Bone graft coverage??


New Member
In the process of getting dental care, I have been investigating dental implants. While getting evaluated, they sent me for a CAT scan of my jaws.
Two specialists have told me that my lower jaw is deteriorating. My lower jaw bone is only about 1/4" thick now instead of 2" or so for a healthy jaw.

They have advised me that I need bone grafts from my hip to my jaw. Then they will put in one implant on each side to prevent my jaw from deteriorating further.

If I don't have the bone grafts, I will continue to lose bone and will not be able to eat solid food eventually (about 10 years from now). Also my jaw bone will be very fragile and will break easily. I am currently 57 and lost several of my back lower teeth almost 50 years ago (when dentistry was not able to save teeth as they can today).

I have been strongly advised to have the bone grafts soon. Will my health insurance pay for the hospital stay and bone graft operation? I have Kaiser. I am not asking for any money for the dental implants.

My dental insurance has a $1500 limit per year so there's not much help there.

I am willing to appeal a negative decision from Kaiser- is there a particular format that works best? I can attach the CAT scans of my jaw which are pretty horrifying. My dentist will also write a letter for me.

Thanks so much for any help or ideas. I appreciate your time.
I haven't sent everything into Kaiser yet- I am just asking for guidance from insurance agents on my chances of getting Kaiser to approve it.

Alos--If there is a way to structure my request that works well, I'd love your input, agents.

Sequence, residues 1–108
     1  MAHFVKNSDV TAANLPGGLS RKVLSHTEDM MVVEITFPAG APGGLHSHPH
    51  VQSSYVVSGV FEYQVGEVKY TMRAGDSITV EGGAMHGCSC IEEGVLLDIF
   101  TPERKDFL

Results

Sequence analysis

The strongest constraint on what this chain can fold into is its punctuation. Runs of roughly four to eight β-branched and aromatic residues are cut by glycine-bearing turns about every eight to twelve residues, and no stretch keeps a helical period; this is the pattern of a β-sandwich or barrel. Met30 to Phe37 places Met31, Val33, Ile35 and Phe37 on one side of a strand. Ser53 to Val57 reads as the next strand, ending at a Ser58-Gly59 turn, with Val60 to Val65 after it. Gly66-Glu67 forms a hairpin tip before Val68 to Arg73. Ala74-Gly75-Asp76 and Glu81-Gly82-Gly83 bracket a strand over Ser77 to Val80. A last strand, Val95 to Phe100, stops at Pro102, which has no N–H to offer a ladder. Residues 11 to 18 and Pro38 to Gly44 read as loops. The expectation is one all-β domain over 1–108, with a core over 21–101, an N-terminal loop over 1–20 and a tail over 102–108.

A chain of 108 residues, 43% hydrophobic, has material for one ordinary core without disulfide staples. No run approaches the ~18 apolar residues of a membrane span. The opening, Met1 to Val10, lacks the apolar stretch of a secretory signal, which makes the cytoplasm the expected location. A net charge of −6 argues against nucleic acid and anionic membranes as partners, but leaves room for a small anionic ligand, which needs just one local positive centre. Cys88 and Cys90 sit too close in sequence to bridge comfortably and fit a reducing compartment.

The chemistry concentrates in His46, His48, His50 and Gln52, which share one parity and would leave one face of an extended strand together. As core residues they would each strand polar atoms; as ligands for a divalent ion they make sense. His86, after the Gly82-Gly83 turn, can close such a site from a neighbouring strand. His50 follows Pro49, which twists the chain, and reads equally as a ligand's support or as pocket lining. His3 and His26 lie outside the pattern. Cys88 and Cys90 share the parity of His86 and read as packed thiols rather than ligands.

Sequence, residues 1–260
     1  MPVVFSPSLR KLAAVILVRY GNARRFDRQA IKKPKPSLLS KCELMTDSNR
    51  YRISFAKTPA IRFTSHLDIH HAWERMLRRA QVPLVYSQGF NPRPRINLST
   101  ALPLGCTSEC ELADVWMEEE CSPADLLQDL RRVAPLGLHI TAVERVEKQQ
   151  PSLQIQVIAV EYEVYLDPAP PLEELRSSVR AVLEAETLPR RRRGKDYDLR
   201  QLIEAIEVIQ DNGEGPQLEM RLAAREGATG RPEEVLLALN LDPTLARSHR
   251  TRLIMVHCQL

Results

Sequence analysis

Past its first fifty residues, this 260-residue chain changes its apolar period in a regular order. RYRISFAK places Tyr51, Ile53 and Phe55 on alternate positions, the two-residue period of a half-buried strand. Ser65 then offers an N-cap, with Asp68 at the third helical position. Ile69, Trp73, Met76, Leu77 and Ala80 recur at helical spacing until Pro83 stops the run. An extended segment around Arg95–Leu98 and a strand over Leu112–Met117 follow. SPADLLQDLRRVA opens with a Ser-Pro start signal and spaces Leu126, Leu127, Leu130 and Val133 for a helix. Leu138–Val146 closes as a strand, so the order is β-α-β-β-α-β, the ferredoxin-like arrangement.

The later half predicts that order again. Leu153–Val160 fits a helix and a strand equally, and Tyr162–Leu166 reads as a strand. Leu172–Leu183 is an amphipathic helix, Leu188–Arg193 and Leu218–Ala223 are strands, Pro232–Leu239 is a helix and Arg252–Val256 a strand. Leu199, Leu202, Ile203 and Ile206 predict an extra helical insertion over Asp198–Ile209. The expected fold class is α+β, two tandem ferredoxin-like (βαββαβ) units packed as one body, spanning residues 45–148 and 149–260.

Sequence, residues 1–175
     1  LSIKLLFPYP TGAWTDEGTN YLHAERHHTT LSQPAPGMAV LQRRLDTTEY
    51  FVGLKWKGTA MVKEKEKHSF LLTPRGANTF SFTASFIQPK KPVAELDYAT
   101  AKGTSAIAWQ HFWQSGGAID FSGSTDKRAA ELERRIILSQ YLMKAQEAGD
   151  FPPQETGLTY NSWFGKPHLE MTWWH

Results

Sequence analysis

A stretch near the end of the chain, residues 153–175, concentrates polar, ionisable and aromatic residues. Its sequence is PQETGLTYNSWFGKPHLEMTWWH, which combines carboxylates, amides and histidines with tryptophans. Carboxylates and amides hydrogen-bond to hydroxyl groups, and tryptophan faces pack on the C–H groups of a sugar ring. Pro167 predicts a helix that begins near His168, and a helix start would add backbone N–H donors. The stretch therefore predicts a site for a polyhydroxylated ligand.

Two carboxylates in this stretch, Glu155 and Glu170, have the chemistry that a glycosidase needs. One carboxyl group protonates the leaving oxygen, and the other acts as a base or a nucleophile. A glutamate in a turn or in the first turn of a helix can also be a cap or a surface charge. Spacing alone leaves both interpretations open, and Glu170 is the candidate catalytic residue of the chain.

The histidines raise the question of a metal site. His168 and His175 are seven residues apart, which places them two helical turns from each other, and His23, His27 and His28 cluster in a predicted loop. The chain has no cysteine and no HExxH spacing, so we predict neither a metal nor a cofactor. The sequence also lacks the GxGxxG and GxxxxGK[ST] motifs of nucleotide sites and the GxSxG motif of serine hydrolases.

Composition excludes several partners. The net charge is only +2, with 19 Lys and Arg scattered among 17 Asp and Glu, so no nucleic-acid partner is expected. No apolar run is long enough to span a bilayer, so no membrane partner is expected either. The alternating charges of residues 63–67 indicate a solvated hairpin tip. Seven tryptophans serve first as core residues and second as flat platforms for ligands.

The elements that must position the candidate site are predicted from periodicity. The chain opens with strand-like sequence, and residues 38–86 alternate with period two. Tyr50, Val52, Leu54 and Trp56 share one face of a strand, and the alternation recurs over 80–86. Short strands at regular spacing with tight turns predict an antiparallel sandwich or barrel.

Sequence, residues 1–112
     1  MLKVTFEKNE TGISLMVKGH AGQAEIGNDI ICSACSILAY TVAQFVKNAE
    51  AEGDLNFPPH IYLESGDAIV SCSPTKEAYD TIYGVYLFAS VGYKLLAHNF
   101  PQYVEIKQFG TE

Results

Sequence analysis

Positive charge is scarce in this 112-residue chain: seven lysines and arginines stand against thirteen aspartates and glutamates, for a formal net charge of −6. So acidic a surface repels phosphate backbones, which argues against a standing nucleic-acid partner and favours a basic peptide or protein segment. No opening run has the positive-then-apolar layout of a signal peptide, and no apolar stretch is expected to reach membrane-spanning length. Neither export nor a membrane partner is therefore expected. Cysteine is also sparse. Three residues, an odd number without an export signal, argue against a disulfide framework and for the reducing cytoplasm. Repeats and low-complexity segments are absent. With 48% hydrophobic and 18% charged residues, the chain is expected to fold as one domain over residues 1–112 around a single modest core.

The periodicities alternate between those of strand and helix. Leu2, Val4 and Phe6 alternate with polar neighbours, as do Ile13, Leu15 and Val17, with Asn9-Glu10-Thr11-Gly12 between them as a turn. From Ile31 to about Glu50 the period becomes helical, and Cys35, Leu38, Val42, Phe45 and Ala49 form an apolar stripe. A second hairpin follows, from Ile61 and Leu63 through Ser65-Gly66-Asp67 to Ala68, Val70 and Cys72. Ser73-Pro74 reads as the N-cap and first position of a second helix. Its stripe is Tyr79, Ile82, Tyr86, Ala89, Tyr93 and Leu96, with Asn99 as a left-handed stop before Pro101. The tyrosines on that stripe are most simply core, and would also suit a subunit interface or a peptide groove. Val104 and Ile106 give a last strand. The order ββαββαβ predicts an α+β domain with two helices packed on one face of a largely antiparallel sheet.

Or maybe I just put it out there and see what they say.
I'd say the chances are going to be directly related to who makes the request for the procedure. Kaiser may not be inclined to take the advice of outside physicians or may want an in house physican's opinion.

Best thing I can think of would be to have your Kaiser doctor look at everything and make a determination of the necessity of the procedure. That might carry a little more weight with kaiser than an outside opinion.

Also, you might check and see if such a procedure would be covered under the healthcare plan and, if so, under what conditions.

It sounds like a medical procedure as opposed to dental and as such could be classified as cosmetic unless it is demonstrated to be medically necessary by a physician (and probably at least one second opinion).

Good luck and let us know what you find out.

msweet, even tho I'm an insurance agent I'm speaking to you as an individual who has had various bone breaks and abnormalities.

Make sure you have additional images taken of your jawbone, particularly high density images. Twice I've had bone images taken that displayed the bone as being very thin in density (very thin) yet when taken on a higher quality imaging machine the bone showed to be normal density. So the imaging machine can distort the actual bone density.

Don't let any doctors talk you into bone grafts until you are absolutely convinced you need a graft. Even if your bone is thin in that location I wouldn't jump into a bone graft unless you are experiencing pain or discomfort in the area. For all you know you may have had thin bone in that area since birth. Find out what foods and supplements/vitamins and other alternative treatment that may provide density to that bone area.

Now speaking to you as an agent: My guess is that if their is indeed a problem in your jawbone that would require treatment that there is a good chance your jawbone would be treated like any other bone in the body. I don't see any difference in needing a bone graft in the jawbone than a bone graft in your hip or anywhere else. But then again that's just my opinion. The wording in your policy would be the determinant. Make yourself a pot of strong coffee or whatever else keeps you awake, pull out your policy and start reading. :D Most of all best wishes, hope everything turns out the best for you :!:
You're asking a question no one on this board can answer. You'll need pre-authorization for the surgery and it must be deemed medically necessary.

For example, who's saying you need the surgery? If it's an orthopedic specialist you might be in good shape. If it's just a dentist saying you need the surgery you can most likely forget it.
Thanks for all your advice- it was very helpful- I shall prepare a bulletproof case or try to anyway.